Los Angeles Summer Safety Tips
When you think of summer in Los Angeles, you probably think of palm trees, beach days and lots of bright sunshine. And why not? One of the top reasons people choose to live in Southern California is the great weather.
But that doesn't mean it's all sunshine and roses living here in LA. Indeed, these National Weather Service safety tips will help you deal with the hazardous conditions that can interrupt those lazy, hazy days of a Los Angeles summer.
Poor Air Quality
Warm weather naturally draws people outdoors. But whether you're lounging by the pool or hitting the trailhead for a long hike, check the National Weather Service's Air Quality Index (AQI) before you go out.
The AQI forecasts the concentration of ozone and particulate matter in the atmosphere. Even at lower concentrations, exposure to air pollution can create lung irritation and lead to wheezing, coughing and asthma attacks.
A number of factors can degrade air quality, from emissions from vehicles, factories and power plants to natural disasters like wildfires. On days when the air quality is considered unhealthy, you should limit or even avoid strenuous activities such as bike riding, running and hiking. Indeed, on the worst days, just stay inside and enjoy your ac.
A day at the beach offers plenty of fun in the sun but is not without its risks. Even on a sunny, cloudless day, stay vigilant for rip currents, which can be a hazard for even the most experienced swimmers and surfers.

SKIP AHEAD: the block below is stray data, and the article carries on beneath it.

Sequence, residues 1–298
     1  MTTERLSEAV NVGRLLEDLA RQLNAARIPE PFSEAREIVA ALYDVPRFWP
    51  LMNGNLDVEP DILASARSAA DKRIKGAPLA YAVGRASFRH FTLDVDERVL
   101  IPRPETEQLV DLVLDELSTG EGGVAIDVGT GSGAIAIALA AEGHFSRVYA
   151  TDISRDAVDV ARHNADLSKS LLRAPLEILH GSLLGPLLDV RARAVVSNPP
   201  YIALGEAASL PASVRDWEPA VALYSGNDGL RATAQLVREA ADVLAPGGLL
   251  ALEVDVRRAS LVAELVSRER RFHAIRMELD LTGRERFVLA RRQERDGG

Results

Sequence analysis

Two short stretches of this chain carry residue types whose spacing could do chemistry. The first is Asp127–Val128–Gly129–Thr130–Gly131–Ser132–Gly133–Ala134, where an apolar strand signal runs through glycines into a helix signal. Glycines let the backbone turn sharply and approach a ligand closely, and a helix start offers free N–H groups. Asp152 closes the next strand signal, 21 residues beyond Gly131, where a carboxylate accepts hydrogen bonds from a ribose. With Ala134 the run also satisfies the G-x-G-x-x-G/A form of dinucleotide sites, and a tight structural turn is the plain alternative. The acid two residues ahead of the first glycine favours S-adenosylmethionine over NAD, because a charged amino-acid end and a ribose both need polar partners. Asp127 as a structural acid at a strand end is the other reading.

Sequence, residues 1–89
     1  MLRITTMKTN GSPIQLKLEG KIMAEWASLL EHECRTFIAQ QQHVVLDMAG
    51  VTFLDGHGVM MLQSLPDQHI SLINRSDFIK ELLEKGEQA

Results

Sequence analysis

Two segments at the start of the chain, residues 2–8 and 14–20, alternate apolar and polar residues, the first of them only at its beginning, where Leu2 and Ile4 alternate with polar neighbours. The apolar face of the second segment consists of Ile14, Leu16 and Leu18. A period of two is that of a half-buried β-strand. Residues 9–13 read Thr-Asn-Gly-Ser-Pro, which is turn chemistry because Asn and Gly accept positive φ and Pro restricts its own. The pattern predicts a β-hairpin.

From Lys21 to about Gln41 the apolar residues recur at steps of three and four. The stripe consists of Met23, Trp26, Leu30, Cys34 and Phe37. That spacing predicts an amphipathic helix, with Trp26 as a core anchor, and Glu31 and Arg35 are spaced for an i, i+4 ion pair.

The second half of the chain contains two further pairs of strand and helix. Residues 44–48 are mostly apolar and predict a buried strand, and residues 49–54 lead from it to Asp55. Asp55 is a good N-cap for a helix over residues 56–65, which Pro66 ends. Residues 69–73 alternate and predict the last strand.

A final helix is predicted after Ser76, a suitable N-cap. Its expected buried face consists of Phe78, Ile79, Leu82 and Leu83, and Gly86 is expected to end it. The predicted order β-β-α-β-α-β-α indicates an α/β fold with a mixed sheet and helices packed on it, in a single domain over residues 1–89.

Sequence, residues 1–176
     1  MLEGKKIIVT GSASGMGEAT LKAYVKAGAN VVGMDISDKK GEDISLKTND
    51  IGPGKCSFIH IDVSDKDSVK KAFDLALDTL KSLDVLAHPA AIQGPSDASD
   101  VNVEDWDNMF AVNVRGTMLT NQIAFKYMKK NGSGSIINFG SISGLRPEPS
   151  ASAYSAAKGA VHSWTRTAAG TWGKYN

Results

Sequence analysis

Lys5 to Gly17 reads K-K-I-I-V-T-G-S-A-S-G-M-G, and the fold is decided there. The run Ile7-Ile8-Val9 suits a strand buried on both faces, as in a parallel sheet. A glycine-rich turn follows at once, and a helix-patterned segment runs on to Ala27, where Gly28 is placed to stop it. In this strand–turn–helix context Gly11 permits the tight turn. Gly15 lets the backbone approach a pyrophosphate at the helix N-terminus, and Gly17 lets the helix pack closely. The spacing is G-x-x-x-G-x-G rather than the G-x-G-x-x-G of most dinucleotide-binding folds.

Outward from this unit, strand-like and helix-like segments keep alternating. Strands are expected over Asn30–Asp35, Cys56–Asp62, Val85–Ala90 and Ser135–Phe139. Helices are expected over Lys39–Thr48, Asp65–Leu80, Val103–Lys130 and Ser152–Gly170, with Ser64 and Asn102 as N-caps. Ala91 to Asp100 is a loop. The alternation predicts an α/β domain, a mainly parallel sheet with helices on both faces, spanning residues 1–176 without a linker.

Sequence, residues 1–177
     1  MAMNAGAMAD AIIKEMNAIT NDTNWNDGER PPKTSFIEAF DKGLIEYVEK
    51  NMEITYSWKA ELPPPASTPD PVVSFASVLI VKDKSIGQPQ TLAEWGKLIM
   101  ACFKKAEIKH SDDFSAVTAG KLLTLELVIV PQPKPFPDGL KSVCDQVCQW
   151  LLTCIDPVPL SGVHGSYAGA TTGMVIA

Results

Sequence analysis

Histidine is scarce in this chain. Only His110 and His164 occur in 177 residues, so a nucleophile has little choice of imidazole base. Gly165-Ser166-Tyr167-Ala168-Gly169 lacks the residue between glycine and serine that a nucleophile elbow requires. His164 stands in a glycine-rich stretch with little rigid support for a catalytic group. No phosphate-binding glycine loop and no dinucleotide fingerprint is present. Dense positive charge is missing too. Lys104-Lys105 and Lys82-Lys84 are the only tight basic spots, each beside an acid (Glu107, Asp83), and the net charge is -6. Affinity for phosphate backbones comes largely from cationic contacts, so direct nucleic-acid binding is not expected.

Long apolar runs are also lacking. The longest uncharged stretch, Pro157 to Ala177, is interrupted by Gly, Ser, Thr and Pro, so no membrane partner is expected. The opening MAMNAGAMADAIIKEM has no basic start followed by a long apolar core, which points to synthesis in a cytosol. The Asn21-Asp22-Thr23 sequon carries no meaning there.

Meanwhile the same heat waves that drive us out to the beach can also drive us back inside thanks to lightning and thunderstorms that cause beach evacuations. So keep one eye on the forecast before heading to the beach and another on the skies while you're there.
Lastly, heat and sun exposure can cause heat related illnesses like sunburns and heat stroke. Protect yourself by staying hydrated, using sunscreen and taking refuge in the shade or indoors if you feel faint or disoriented in the sun.
Officially, California is 100% drought-free for the first time in nearly a decade. But we know that's likely a temporary reprieve and Los Angeles area residents should be aware of the damage that can be caused by prolonged dry spells and prepare now for drought conditions.
The most devastating hazard during dry weather, as most Californians know, is wildfires. Be sure to review the ways you can prepare your home and mitigate the risk of fire damage from a wildfire.
That said, when the rainstorms do come, dry weather can also increase the risk for flooding, especially when the storm follows a wildfire. Likewise, there are several things you can and should do to prepare your home for rainstorms while it's dry.
And remember, SERVPRO of North Hollywood is here 24/7/365 to assist you following a storm damage or fire damage disaster. Our highly-trained team of restoration specialists can help you recover important and cherished belongings and return you to those carefree summer days quickly and efficiently.